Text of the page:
Gabon, located in Western Africa, has been a relatively stable country since independence in 1960. As a former France colony, Gabon maintains its close ties with France under the system named “Francafrique”. As BBC’s “Gabon country profile” explains, Gabon receives political and military support from France in exchange for business favours.
Gabon has had only three presidents since its independence. Former President Omar Bongo ruled the country for 42 years until his death in 2009. The power transition system in Gabon changed from one-party rule to a multi-party election system during Omar Bongo’s presidency. However, Omar Bongo’s Gabonese Democratic Party (PDG) retained the political power and was unchallengeable.
A presidential election was held in 2009 in light of the death of Omar Bongo. Ali Bongo Ondimba, the son of Omar Bongo and the candidate of the PDG, announced to participate in the election. According to the official announcement on the 3rd September 2009, Ali Bongo won the election with 41.73 percent of the vote.
As a country with the absolute majority voting rule, the election result seems to be legitimate. Oddly enough, tensions mounted even before the official announcement of the presidential election result. As reported by CNN, security forces were deployed on the streets in Gabon’s capital in case of the post-election violence. Nevertheless, tensions escalated into violence between the opposition supporters and the security forces shortly after the official announcement. According to CNN, the voters do not trust the result of the election because it was not transparent. Indeed, some international organisations, such as the European Union (EU), also question the transparency of Gabon’s presidential election because the government closed channels for external observers to monitor the election.
President Ali Bongo’s legitimacy was further diminished between 2009 and 2016 due to the tension in domestic wealth distribution. Although Gabon is a relatively richer country with abundant oil resources, one-third of the total population still lives under the poverty line. The opposition supporters argue that the Bongo family has extracted Gabon’s wealth for personal enjoyment. In light of the global oil price fluctuation, the tension of domestic wealth distribution in Gabon is likely to be intensified.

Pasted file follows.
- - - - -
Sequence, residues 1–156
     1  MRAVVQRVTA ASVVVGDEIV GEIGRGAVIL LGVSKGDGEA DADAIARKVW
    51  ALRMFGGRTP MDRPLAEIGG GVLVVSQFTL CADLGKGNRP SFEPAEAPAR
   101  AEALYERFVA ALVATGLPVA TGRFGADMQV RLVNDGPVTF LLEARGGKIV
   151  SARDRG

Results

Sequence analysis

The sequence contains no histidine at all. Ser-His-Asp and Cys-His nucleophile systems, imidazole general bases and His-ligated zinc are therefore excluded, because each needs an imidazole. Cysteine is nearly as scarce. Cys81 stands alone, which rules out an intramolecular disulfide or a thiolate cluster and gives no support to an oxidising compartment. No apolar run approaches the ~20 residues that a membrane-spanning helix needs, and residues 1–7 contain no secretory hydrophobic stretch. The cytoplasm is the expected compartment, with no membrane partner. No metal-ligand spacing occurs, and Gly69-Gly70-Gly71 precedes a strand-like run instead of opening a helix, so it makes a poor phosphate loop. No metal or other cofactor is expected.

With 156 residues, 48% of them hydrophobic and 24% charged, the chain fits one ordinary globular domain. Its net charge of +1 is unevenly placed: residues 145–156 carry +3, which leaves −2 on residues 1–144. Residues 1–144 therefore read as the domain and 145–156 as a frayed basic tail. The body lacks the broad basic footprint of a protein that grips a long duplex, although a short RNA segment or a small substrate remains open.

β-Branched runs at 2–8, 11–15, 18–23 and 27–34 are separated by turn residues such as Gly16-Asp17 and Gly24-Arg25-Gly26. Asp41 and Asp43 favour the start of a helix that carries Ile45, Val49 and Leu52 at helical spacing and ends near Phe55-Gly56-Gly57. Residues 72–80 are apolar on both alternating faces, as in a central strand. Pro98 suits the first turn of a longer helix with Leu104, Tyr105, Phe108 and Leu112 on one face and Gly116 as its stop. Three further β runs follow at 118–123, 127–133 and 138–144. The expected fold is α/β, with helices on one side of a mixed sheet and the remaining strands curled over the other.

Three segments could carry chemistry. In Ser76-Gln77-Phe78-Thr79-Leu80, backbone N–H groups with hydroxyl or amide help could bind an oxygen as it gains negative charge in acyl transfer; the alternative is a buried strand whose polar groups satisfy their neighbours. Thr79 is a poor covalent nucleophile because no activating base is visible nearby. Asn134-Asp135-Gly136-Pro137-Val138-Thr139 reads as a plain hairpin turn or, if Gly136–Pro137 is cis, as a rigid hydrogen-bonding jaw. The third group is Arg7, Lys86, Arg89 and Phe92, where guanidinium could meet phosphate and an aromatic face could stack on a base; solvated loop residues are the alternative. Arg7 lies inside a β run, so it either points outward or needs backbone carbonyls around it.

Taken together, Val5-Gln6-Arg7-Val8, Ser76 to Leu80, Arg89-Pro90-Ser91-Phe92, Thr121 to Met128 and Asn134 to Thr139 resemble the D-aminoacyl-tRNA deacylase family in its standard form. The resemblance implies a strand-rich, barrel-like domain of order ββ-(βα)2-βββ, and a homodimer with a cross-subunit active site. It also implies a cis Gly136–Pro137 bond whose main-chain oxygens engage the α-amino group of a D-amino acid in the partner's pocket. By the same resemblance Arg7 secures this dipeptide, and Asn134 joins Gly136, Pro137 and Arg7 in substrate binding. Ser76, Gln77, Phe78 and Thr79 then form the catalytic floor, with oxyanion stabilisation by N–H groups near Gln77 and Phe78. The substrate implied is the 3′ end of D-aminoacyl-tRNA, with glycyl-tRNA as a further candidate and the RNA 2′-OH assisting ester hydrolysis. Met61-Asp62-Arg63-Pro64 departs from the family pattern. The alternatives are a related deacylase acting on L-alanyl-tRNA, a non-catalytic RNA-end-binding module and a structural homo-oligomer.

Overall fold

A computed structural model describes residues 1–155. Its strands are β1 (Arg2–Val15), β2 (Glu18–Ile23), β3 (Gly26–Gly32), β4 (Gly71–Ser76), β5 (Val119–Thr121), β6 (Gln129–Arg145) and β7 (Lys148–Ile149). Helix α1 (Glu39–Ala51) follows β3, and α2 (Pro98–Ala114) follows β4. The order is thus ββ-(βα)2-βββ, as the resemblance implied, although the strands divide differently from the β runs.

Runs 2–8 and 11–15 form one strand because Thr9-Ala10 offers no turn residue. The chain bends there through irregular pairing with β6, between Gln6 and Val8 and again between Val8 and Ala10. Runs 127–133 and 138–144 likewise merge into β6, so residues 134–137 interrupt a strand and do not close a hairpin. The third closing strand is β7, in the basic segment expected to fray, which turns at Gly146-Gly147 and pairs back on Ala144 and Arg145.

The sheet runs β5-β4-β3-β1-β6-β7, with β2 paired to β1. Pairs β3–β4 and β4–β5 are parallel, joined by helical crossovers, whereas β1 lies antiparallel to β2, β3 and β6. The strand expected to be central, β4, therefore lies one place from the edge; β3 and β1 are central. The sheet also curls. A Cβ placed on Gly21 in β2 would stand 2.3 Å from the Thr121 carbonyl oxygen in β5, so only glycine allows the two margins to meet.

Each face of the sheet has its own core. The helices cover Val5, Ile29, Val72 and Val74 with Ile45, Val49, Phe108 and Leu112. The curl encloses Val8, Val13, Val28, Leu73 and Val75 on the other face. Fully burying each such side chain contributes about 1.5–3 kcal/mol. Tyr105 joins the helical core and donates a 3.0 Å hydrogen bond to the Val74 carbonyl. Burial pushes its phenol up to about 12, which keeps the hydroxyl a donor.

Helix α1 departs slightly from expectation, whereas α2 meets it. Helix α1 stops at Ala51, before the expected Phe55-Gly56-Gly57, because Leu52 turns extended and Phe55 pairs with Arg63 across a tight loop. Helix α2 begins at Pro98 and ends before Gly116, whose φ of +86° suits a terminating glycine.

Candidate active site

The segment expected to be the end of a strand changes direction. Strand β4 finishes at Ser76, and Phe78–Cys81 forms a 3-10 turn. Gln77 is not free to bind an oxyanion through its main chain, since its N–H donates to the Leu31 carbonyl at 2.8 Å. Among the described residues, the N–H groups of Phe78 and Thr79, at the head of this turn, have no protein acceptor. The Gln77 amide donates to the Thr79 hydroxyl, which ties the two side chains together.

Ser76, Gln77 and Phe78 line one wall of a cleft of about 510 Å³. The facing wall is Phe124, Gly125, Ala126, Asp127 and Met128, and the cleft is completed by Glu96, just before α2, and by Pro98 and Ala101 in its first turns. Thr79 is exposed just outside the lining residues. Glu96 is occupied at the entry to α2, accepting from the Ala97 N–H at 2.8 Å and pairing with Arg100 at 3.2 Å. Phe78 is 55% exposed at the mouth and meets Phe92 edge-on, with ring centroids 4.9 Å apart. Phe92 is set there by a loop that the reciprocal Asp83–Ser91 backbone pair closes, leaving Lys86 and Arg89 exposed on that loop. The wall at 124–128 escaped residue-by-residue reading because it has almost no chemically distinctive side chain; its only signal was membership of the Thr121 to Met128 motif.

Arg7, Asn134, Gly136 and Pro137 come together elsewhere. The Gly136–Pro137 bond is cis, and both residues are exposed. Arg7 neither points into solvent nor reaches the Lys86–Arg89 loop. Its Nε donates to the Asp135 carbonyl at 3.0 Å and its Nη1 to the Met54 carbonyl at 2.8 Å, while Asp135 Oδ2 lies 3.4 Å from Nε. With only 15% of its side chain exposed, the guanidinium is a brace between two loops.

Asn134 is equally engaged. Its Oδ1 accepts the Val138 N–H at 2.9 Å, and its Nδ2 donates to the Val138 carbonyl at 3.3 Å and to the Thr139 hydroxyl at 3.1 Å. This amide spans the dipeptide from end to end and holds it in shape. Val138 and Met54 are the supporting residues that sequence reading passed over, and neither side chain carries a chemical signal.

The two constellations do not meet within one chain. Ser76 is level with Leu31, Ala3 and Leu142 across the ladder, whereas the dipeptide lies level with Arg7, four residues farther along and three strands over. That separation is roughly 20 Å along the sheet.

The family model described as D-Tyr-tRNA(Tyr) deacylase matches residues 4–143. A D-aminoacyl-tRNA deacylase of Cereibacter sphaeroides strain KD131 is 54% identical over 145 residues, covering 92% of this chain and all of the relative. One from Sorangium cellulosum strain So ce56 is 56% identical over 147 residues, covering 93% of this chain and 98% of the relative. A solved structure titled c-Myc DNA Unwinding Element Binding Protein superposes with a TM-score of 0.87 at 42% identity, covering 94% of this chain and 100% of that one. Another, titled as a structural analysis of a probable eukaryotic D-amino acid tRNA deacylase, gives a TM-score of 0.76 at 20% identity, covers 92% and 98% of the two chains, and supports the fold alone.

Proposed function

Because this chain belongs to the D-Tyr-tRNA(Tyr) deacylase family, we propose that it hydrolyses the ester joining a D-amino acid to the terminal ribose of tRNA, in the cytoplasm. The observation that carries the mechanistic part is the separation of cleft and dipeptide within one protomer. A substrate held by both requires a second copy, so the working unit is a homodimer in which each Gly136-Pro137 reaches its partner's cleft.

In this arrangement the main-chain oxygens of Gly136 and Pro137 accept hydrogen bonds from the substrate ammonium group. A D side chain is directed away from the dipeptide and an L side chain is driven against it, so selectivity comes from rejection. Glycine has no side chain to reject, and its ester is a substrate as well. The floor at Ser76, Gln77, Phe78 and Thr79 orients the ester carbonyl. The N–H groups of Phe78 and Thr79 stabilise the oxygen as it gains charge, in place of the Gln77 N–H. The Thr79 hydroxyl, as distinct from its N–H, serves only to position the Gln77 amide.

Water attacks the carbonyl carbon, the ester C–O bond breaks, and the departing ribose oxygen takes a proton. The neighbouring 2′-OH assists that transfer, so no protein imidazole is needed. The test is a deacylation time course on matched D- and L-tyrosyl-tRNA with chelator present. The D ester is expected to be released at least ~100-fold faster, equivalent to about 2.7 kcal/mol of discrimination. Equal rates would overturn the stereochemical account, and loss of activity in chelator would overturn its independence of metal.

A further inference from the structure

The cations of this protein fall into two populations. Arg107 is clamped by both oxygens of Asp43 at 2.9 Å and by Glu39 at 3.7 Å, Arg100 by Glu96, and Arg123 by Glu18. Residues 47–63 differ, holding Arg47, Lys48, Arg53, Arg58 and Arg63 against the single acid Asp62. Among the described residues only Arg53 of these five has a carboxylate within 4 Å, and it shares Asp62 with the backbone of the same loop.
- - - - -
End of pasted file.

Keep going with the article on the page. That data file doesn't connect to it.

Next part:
Jean Ping steps up as a credible contender for the incumbent president Ali Bongo in the 2016 presidential election. Ping had served as a diplomat and the head of the African Union Commission in his political career. He gained popularity based on his political career and grassroots’ desire of change. Backed by strong popular support, Ping declared victory of the 2016 presidential election and called the incumbent president Ali Bongo to “acknowledge his defeat.” Paradoxically, the incumbent president Ali Bongo announced victory shortly after Ping’s announcement. Gabon’s domestic stability, again, faces challenges.
The incumbent president Ali Bongo was officially announced as the winner of the election. According to the Guardian’s report, Bongo won the election with 49.80 percent of the vote against Ping’s 48.23 percent of the vote. Opposition supporters and security forces clashed in Libreville shortly after the official announcement. The Guardian reported that three people were killed by the security forces and many wounded. Residents in Libreville have prepared to flee out of the city or have stored foods to stay away from the post-election violence.
Gabon is likely to experience domestic instability if the Bongo family remains in power. The Bongo’s legitimacy is under challenge because of their prolonged rules and the unequal distribution of national wealth. However, as long as the Bongos control the government, it is unlikely to see a transparent presidential election. In this case, international observers, namely France and the EU, should exercise their leverage over Gabon to monitor the presidential election. The external parties should also persuade Gabon’s domestic parties to de-escalate the tensions in the post-election period.
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